Targeting the Adipose Tissue in COVID-19.

Obesity (Silver Spring, Md.). 2020

Other resources

Plain language summary

A UK study showed that 72% of COVID-19 patients in critical care units had either overweight or obesity, whilst studies in Italy have shown that 99% of deaths occurred in patients who had at least one underlying chronic condition, including obesity, diabetes and hypertension. As obesity is tightly connected with diabetes and other inflammatory conditions, it is difficult to separate the effects of the obesity per se, from other chronic conditions that are commonly associated with the obesity. The authors discuss possible molecular mechanisms by which the fat tissue itself may increase the risk of more severe COVID-19 disease, such as angiotensin converting enzyme 2 (ACE2) receptors and dipeptidyl peptidase 4 (two receptors which occur in fat tissue and may be entry points of the virus into the cell) and an imbalance between the secretion of anti‐ and proinflammatory compounds from visceral fat cells. The authors conclude that the role of the adipose (fat) tissue during infectious diseases, such as COVID‐19, could be important and note that this is a modifiable risk factor.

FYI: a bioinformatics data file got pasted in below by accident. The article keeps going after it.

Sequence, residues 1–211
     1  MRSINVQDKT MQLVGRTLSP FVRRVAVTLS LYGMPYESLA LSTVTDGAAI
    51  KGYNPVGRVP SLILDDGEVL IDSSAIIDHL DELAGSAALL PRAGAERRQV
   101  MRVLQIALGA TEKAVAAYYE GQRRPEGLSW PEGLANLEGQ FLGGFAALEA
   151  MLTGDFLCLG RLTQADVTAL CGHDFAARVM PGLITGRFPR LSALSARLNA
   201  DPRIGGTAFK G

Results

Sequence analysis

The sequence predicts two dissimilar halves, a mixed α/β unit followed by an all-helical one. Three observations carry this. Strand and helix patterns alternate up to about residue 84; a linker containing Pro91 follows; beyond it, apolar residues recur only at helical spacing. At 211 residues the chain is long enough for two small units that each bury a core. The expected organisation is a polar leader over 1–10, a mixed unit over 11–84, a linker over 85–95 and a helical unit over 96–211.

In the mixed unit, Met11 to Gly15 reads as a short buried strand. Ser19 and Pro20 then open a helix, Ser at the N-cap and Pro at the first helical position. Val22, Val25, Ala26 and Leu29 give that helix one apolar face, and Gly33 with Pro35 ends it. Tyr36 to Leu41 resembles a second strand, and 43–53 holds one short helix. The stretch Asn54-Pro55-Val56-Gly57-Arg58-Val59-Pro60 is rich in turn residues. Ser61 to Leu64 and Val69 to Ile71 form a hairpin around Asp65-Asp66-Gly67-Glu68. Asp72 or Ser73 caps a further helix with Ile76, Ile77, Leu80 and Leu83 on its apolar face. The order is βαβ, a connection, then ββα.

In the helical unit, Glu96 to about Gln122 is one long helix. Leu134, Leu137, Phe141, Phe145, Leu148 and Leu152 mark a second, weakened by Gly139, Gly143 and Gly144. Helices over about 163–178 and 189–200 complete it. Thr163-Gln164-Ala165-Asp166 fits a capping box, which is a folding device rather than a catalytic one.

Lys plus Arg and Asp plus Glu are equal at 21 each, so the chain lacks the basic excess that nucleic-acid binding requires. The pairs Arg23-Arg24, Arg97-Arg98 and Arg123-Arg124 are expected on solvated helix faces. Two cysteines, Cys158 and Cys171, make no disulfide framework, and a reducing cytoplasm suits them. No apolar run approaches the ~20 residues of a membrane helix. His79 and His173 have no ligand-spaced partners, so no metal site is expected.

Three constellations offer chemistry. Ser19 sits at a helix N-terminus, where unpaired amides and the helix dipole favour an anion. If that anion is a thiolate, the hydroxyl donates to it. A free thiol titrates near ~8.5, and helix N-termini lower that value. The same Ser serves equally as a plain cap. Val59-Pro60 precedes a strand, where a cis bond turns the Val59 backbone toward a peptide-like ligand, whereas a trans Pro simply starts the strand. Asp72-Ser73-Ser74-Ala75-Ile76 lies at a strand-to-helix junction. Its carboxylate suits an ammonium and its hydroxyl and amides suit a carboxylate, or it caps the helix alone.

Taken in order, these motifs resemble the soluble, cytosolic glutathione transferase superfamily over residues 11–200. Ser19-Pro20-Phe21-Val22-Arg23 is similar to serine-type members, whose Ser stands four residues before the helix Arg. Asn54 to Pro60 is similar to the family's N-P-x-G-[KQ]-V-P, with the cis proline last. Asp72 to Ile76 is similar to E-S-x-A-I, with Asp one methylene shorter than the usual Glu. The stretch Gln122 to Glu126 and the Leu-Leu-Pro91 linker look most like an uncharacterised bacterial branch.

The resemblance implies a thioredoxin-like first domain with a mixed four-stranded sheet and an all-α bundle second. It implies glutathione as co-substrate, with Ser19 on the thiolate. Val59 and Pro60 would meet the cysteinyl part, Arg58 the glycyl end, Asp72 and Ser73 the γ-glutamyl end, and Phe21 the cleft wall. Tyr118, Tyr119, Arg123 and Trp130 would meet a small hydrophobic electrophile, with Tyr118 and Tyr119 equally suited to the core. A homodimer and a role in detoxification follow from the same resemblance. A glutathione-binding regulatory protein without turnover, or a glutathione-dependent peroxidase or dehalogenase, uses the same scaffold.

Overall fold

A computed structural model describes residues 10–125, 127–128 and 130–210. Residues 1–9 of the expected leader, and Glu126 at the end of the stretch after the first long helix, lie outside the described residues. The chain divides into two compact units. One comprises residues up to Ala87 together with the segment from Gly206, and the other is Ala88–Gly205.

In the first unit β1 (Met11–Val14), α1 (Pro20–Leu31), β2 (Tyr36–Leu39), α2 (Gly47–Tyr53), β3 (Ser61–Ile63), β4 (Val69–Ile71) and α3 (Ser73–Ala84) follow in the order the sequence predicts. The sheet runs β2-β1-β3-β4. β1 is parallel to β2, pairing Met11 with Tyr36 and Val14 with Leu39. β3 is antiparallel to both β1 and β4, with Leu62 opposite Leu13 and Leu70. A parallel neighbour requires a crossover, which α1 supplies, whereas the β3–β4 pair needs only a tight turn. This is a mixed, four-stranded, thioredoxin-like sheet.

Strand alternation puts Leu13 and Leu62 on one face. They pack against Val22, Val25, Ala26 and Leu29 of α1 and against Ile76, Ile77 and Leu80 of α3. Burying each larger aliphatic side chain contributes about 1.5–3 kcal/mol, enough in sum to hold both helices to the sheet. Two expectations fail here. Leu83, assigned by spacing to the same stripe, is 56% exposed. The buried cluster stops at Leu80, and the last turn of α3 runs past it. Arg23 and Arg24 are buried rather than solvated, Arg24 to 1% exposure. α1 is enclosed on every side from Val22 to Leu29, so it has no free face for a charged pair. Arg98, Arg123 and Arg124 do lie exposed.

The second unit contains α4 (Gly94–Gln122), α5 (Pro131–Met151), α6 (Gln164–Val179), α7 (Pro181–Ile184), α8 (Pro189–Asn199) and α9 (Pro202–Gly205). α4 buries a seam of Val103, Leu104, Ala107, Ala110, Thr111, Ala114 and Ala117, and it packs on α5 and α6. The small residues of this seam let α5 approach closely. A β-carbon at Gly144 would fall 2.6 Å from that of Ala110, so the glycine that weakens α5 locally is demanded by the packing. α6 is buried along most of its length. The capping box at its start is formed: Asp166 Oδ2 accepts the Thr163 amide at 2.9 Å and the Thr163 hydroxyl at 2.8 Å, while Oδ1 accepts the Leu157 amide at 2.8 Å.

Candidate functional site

The WHO considers non-communicable diseases (NCDs), such as obesity, a major risk factor for becoming seriously ill with 2019 novel coronavirus (COVID-19) (1). A study by the UK Intensive Care National Audit and Research Centre indicates that two thirds of people who developed serious or fatal COVID-19-related complications were overweight or obese (2). The report includes data from all COVID-19 admissions in intensive care units in the UK until midnight, March 19, 2020. The study shows that almost 72 % of those in critical care units are either overweight or with obesity suggesting the impact of obesity in seriously ill COVID-19 patients.

Lifestyle medicine

Fundamental Clinical Imbalances : Hormonal ; Immune and inflammation
Patient Centred Factors : Mediators/Covid-19/adipose tissue
Environmental Inputs : Diet ; Physical exercise
Personal Lifestyle Factors : Nutrition ; Exercise and movement
Functional Laboratory Testing : Not applicable

Methodological quality

Allocation concealment : Not applicable
Publication Type : Journal Article